The new shift in health care is toward less care

The opioid crisis rocked America, bringing addiction and overdose into the spotlight. But it also highlighted the overtreatment of pain: Medical and dental providers alike overprescribed opioids after procedures and for chronic conditions. Out of that overtreatment came an epidemic.

In American health care, overtreatment is common. Recently though, there has been a subtle shift in the opposite direction. It’s possible that “less is more” is catching on.

For many Americans, it can be challenging to even access care: Treatment is expensive, insurance is confusing, and there aren’t enough providers. But ironically, we often use too much care, too.

Now, some providers are asking what the line between necessary and unnecessary really is. The results are encouraging, suggesting that, in some cases, it may be possible to achieve the same health outcomes with less treatment — and fewer side effects, too.

This shift is particularly noticeable in cancer care.

Recently, physician researchers successfully conducted a large scale de-escalation trial for rectal cancer patients. The standard treatment is to receive radiation, surgery, and chemotherapy, but pelvic radiation comes with terrible side effects, including bladder issues, infertility, and impaired sexual function. So, some patients were assigned to not receive radiation and there were no differences in quality of life after 18 months or in 5-year survival rates.

Another example is treatment for head and neck cancer caused by HPV. Patients with HPV-related head and neck cancer are often younger and healthier than the average patient, so less intensive treatment may still be effective while also being more sustainable. Providers are exploring several alternative treatment plans for these patients, with varying success.

One promising approach is a modified radiation treatment plan called DART. Preliminary results show that DART participants have excellent survival outcomes and better quality of life compared to standard treatment. Equally important, DART is cheaper and less time-consuming, saving patients from non-physical side effects as well.

Beyond cancer, reducing the high rate of cesarean deliveries, or C-sections, is also of pressing concern.

In 2021, about one-third of births in the United States were C-sections. Increasing maternal complexity may be contributing, but most experts don’t think that’s the whole story. Nonclinical factors such as provider preferences and fear of malpractice suits are leading to high C-section rates. So is hospital-specific culture. A Harvard study found that whether unit managers take a proactive or reactive approach to the unpredictable nature of birth matters for delivery outcomes.

The World Health Organization released guidelines in 2018 aimed at reducing C-section rates worldwide. They argued for evidence-based clinical guidelines, including a mandatory second opinion before proceeding with a C-section; minimizing the financial incentives of C-sections; and emphasizing a collaborative care model including midwifery.

A few Massachusetts hospitals have had success reducing their C-section rates through policy changes. South Shore Hospital implemented the TeamBirth Project, which focuses on patient education and having a documented birth plan. The hospital saw a 4% reduction in C-sections in the first year. In a pilot study, Boston Medical Center also implemented documented birth plans along with hourly evaluations during active labor. This cut the length of labor in half and reduced the likelihood of C-section from 20% to 8%.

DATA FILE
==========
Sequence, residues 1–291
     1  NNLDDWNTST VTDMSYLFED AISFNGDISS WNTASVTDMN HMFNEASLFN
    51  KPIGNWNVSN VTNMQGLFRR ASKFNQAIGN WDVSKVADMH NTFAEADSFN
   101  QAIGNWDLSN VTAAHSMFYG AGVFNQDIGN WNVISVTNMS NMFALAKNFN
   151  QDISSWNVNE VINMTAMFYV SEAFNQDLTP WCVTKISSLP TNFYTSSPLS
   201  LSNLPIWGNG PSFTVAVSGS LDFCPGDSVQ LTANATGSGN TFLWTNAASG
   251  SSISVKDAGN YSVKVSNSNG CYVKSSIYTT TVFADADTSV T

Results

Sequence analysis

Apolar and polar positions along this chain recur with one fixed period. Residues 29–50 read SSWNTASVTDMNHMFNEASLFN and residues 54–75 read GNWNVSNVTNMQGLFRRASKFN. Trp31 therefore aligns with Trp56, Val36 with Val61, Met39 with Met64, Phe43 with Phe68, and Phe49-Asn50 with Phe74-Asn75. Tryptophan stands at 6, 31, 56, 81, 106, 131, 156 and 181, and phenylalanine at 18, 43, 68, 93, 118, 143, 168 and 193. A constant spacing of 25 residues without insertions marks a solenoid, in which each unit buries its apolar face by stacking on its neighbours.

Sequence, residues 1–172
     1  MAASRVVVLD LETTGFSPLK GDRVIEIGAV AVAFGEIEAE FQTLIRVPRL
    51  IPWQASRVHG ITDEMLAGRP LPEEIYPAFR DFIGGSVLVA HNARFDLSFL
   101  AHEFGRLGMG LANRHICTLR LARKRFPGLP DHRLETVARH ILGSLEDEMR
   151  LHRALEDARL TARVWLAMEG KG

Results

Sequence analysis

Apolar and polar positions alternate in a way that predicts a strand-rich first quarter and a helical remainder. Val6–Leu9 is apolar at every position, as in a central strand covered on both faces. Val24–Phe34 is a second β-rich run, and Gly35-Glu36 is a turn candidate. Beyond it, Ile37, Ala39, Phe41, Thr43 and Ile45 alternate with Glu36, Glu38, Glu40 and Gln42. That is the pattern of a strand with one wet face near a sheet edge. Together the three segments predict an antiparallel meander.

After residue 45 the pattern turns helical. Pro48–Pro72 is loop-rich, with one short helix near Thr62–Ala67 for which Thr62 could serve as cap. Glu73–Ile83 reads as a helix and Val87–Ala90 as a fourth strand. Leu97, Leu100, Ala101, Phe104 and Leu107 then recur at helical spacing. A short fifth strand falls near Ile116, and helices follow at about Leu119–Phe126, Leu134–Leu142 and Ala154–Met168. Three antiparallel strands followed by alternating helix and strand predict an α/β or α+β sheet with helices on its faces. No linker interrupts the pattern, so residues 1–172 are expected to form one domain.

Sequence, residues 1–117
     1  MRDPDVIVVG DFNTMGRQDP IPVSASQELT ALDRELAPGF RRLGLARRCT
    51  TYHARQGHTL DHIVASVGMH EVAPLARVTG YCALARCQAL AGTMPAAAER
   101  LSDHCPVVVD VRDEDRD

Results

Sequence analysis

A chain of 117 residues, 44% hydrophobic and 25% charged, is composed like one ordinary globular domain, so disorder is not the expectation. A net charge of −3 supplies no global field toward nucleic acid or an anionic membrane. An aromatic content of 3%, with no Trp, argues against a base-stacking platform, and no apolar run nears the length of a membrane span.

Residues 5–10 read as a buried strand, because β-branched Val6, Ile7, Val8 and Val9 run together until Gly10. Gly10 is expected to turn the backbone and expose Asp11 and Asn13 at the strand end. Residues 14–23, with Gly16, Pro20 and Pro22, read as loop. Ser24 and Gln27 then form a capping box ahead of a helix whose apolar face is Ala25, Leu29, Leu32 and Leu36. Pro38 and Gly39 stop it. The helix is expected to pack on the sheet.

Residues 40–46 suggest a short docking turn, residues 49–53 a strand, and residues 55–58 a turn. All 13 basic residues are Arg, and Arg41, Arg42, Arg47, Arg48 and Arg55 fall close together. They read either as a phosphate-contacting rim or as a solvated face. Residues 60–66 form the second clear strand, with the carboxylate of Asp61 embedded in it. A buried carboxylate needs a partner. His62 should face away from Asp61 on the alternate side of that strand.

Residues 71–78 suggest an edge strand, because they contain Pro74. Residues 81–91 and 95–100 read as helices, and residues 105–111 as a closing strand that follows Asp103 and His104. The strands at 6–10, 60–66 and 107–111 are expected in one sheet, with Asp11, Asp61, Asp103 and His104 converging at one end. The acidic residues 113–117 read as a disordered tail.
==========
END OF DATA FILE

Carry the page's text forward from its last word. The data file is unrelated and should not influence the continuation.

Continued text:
Treatment de-escalation is a promising strategy, but it’s not a simple one. For example, some intensive care units are trying to reduce the amount of antibiotics patients are prescribed. Some research shows patients do better when care teams intentionally de-escalate antibiotic use, but other studies don’t show any benefit.

Cutting back the amount of treatment a patient receives is also a challenging narrative shift. “More” has been the norm for so long — more treatment and more complex treatment — especially for cancer. You “battle” cancer, fighting with every weapon possible, no matter the cost. So, suggesting the opposite may feel irresponsible to providers and patients alike.

Beyond complicated medical tradeoffs, patient preferences play a big role. Patients may not feel comfortable deviating from the norm. They may feel like they’re taking a risk with their health, and even their survival. This is not untrue; treatment protocols exist for a reason. As providers figure out how to de-escalate treatment successfully, patients accept the risk that it might not work.

The conversation around de-escalation would also benefit from stepping back and looking at treatment more holistically. Not only do aggressive treatment plans have significant physical side effects, they also have non-physical side effects. Treatment impacts a patient’s life outside the exam room: It costs them time, money, and independence. Alongside efforts to minimize fatigue, infertility, and the like, providers should seek to minimize time spent traveling to appointments and medical debt.

Some patients do need aggressive treatment to get healthy. But not all do, and aggressive treatment isn’t risk-free. Providers owe it to patients to consider if less really is more.

Elsa Pearson Sites, MPH, is the policy director of the Partnered Evidence-based Policy Resource Center with Harvard T.H. Chan School of Public Health. 


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